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  #21  
Unread 01-30-2021, 10:51 AM
Michael Cantor Michael Cantor is offline
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Body and Soul has been my favorite sports poem since I heard BH Fairchild recite it at West Chester almost twenty years ago. Fairchild was a great reader as well as a terrific poet, and his Texas/Oklahoma/Kansas timbre is perfect for the poem.
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  #22  
Unread 01-30-2021, 11:02 AM
Max Goodman Max Goodman is offline
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From Mad Magazine. Early to mid-'70s, I think. Part of a series of poems, one for each baseball position. I wish I knew who wrote it.

The Shortstop

We marvel at the Shortstop's art.
Just see him swerve and lunge and dart.
Of course, to some, this makes no sense
Because the ball's just cleared the fence,
But in the field, the shortstop knows
That he must put on fancy shows.
How else can he make you and me
Forget he's batting .203?
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  #23  
Unread 01-30-2021, 11:48 AM
Julie Steiner Julie Steiner is offline
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I thought of this Longfellow parody because the Farmer's Insurance Open is in town at Torrey Pines right now.

The Ball and the Club
by Forbes Lindsay

I shot a golf ball into the air;
It fell toward earth, I knew not where;
For who hath eye so strong and keen,
As to follow the flight of my ball to the green.

I lost a club I could not spare,
And searched for it most everywhere;
For who hath sight so keen and quick
As to trace the course of a missing stick.

Long, long afterwards, in an oak,
I found the golf ball, still unbroke;
And the club - with a couple of nicks and a bend,
I found again in the bag of a friend.


And another parody:

Winter Trees
by Conrad Diekmann

I think that I shall never ski
Again against so stout a tree.

A tree whose rugged bark is pressed
In bas-relief upon my chest.

A tree that with bacchantic air
Wears ski poles in its tangled hair.

I've learned my lesson: Fools like me
Should never try to shave a tree.


More serious: a poem about two increasingly minor sports--squash, and "another, harder game":

Civilities
by Thomas Whitebread

     The delicate corner shot,
Slicing the strings precise across the ball
at the right time, so that it lightly hits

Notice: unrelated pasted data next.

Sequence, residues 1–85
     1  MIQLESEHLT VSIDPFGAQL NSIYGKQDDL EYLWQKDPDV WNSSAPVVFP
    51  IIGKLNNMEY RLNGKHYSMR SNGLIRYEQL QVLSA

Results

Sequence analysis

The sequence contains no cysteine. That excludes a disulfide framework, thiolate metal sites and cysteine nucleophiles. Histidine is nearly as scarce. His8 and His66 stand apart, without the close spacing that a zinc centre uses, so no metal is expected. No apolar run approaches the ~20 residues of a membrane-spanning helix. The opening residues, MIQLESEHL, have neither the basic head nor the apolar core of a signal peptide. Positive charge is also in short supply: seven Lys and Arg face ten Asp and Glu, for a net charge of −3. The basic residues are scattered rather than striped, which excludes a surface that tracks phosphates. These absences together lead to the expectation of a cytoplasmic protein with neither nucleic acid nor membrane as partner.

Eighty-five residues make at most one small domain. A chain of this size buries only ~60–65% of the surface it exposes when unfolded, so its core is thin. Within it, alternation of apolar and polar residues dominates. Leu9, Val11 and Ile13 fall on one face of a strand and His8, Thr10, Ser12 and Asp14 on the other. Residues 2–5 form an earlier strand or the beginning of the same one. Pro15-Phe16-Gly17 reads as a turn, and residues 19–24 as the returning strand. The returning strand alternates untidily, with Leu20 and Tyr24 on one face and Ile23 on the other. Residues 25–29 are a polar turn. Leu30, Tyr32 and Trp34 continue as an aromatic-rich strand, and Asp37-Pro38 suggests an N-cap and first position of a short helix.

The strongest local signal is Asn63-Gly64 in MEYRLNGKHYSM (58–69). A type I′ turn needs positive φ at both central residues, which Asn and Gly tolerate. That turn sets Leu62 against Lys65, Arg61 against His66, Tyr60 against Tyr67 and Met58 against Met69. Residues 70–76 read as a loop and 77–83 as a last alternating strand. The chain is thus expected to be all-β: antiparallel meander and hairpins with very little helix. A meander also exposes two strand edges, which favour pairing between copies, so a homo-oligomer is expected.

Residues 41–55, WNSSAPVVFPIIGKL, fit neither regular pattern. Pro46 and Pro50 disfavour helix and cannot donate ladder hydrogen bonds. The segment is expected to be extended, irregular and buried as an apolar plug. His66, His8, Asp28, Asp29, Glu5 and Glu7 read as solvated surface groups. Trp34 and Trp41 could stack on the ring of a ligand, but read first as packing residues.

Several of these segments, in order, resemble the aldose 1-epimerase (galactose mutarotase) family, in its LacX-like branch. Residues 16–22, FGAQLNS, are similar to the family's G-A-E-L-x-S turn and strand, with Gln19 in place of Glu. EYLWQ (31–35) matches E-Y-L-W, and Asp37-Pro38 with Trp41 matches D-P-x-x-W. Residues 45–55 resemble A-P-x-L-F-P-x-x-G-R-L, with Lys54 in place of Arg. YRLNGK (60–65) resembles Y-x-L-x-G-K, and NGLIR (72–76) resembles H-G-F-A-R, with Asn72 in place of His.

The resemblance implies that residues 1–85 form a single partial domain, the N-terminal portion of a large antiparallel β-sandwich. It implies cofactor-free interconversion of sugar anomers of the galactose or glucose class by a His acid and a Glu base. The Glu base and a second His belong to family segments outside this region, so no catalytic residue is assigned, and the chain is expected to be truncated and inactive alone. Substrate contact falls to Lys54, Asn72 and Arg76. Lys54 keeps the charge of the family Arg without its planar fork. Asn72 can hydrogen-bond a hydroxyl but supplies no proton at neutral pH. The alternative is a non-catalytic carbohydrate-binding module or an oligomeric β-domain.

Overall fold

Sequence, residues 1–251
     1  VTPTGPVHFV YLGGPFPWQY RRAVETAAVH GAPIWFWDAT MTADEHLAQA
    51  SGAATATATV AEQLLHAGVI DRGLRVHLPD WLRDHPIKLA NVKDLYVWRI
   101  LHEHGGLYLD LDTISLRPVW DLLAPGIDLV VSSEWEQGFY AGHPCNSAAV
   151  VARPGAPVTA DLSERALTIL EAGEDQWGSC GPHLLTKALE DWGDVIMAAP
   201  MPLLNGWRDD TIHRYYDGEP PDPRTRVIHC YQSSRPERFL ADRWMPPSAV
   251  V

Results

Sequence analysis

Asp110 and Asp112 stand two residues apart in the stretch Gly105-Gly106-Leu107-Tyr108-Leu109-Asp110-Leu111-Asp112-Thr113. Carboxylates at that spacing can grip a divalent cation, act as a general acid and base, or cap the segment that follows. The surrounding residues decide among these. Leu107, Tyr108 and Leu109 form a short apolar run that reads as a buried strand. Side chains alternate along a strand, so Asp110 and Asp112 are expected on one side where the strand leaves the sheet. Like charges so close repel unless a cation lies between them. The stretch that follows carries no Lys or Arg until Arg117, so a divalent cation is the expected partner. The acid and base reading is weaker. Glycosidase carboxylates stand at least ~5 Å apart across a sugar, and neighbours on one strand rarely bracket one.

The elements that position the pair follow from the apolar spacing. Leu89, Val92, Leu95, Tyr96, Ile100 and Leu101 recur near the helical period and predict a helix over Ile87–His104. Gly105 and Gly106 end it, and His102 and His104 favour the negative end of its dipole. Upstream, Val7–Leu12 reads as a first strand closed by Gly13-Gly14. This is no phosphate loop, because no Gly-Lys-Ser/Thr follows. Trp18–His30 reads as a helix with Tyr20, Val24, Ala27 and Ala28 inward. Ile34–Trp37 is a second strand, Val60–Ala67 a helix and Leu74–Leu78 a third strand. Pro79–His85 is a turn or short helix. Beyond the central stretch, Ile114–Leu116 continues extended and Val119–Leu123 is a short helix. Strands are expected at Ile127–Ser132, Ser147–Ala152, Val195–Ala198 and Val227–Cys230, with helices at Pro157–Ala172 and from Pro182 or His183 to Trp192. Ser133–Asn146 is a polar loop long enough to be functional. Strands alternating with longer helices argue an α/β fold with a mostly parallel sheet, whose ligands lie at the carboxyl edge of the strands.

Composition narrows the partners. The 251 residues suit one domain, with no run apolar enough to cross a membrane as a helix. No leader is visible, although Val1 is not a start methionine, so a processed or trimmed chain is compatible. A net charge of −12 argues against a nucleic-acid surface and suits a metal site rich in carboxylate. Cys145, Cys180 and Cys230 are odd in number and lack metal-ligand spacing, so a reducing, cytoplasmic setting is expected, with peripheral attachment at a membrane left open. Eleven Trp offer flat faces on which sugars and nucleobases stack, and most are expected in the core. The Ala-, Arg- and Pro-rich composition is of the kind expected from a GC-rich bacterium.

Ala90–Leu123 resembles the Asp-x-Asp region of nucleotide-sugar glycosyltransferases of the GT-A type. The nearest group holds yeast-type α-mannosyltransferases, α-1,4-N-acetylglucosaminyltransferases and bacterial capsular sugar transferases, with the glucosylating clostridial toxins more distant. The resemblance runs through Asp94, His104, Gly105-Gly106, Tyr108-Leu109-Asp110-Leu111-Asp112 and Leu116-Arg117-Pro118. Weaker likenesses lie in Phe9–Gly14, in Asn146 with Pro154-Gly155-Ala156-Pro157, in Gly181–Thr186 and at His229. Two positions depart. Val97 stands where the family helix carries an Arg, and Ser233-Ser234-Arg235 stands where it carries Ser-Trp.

On one side wall,
     Kisses the front, then falls
Quick-dying down, most irretrievable,

     Is difficult to do
Unless a calm, an inner certainty
Comes to you softly in the midst of war,
          Setting you free
     From the slam-bang desire
To smash it hard no matter where. To be

     So deftly sure, so wise,
Wins points in squash. In another, harder game,
Word-play, a similar civility
          May equally tame
     Peaceless desires, and make
Your opponent yours by a nicety of name.

Last edited by Julie Steiner; 01-30-2021 at 12:01 PM.
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  #24  
Unread 01-30-2021, 12:14 PM
Max Goodman Max Goodman is offline
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Bob McKenty writes lots of great light verse about sports.

from the anthology Kiss and Part:

Derrière Pensée

Jets star Mark Gastineau and actress Brigitte Nielsen announced yesterday there were engaged--and confirmed they have each other's name [sic] tattooed on their posteriors.
--New York Post, August 13, 1988


That Brigitte worships Gastineau
You need but read her astineau.

But when they have a fight next week
I bet she'll turn the other cheek.

*

from Fair Game: Open Season on Baseball:

The Third-Base Coach

His loins are girt; his teeth are grit;
His jock itch he'll conceal.
(He knows that if he scratches it
He'll start a double steal.)
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  #25  
Unread 01-30-2021, 12:44 PM
E. Shaun Russell E. Shaun Russell is offline
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Quote:
Originally Posted by Joe Crocker View Post
Not, I think, forgotten. Still, indeed, loved. He was poet laureate until his death in 1984. Did you ever hear him read to the accompaniment of Jim Parker's arrangements. Definitely delightful.

Yes, my comment was probably rather Ameri-centric, and therefore an overgeneralization...though it's staggering (to me) how many poetically-minded people I've mentioned Betjeman to have no idea who he is. Including at least one state poet laureate. Betjeman is one of my favorites, but he doesn't show up in a lot of anthologies here either.
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  #26  
Unread 01-30-2021, 02:12 PM
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Kevin Rainbow Kevin Rainbow is offline